How to Create Accessible Gardens
The sun and garden are calling, but there are some stumbling blocks in the way. Even when we’re willing and ready to garden, we’re not always able. The plant beds may be too high, or the garden may be impossible to access, especially for those who use a wheelchair.
Not to worry. As with other challenges of senior life, there are plenty of cost-effective solutions. Much like planning your home, your garden, too, can be adjusted. All it takes is a little planning.
Plant in Raised Beds or Containers
If you’re in a wheelchair or can’t kneel, raised beds and containers solve the problem by bringing the garden up to you. Table-top beds, which stand on legs, or beds that are widest at the top, allow wheelchair access. For more mobile gardeners who have trouble leaning over while standing, plank benches next to a raised bed can make beloved tasks easy. Container gardens allow you to place your plantings wherever you choose. Raised beds are a great option for any gardener. Compared to conventional gardens, they have fewer weeds and pests, better drainage, healthier soil, and they look great.
Re-Evaluate Your Landscape Choices
A noted gardener in my neck of the woods, one of those awesome women who could host a garden tour in a twinkling, converted her display of perennial borders to one with more native shrubs and trees. Her reason: It was getting time to do less work. It helps if you also choose native trees that require less maintenance than non-native plantings. Natives also offer the advantage of attracting colorful butterflies and birds.
Dragging a hose through the yard or lugging a watering can is hard enough for any gardener. Placing a soaking hose or drip system in your planting beds eliminates a daunting task. You can install these inconspicuous systems along a wheelchair pathway or other garden path. You can also program them to conserve water. And since they aren’t perfect, you still get to water a little corner now and then.
Choose Adaptive Tools
Adaptive tools have been my solution — and the tools I needed were right there in the shed. These include a long-handled swoe that allows me to weed without bending over. A swoe, in case you haven’t used one, looks like someone took a golf club and sharpened its edges. I found an equally long-handled lopper designed for tree work that works just fine on saplings and invasive vines. Even more important? An 18-inch high rolling bench I can sit on when I have to get close to the ground. To these, I’ve added a pair of short, industrial-style carpal tunnel braces. They’re no good for delicate movements at my laptop but are perfect for tasks outside. Yes, specialized adaptive tools abound. Adaptive handles can reduce the stress of holding the conventional tools you currently own. And there’s a huge variety of ergonomic tools designed for those with arthritis to reduce the difficulty of pruning, digging, and other garden tasks.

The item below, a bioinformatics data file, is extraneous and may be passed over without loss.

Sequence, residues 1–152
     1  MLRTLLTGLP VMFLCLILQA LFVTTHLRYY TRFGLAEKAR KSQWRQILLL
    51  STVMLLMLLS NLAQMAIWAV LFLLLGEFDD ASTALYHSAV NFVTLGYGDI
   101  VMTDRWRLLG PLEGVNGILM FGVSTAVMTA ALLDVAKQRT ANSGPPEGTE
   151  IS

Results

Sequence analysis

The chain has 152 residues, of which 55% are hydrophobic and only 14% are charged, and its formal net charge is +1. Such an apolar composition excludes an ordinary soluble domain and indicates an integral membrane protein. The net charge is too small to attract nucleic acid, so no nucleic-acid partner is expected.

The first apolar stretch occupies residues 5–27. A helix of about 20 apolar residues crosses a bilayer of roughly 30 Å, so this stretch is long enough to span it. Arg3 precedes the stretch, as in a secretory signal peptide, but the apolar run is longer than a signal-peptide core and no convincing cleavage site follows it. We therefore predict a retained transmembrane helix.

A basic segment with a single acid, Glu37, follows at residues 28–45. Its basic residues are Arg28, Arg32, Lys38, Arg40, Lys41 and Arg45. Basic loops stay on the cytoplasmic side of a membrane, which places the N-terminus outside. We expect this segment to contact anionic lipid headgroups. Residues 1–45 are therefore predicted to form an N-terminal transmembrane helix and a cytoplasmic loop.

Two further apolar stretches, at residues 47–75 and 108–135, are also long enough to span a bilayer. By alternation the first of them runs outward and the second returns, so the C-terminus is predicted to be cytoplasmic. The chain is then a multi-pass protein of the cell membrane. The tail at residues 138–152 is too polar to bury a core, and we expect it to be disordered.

Growing up instead of out allows you to harvest vegetables or flowers without having to bend and kneel. It’s easy to build a frame to attach to a wall or a freestanding trellis that you can access from a garden or wheelchair pathway. Vertical gardens also need less weeding and suffer fewer pest and disease problems.
The secret to a long life of gardening is adjusting to the times and getting wonderful results. Adopting accessible techniques is part of this great tradition that can allow you and your garden to flourish for seasons to come.
Authored by: Frances Black
AUTHOR BIO: Frances Black is an environmental journalist whose home is filled with native plants and flowers. When she’s not tending to her indoor plants, you’ll find her in her vegetable garden, whose bounty she doesn’t mind sharing with the local wildlife.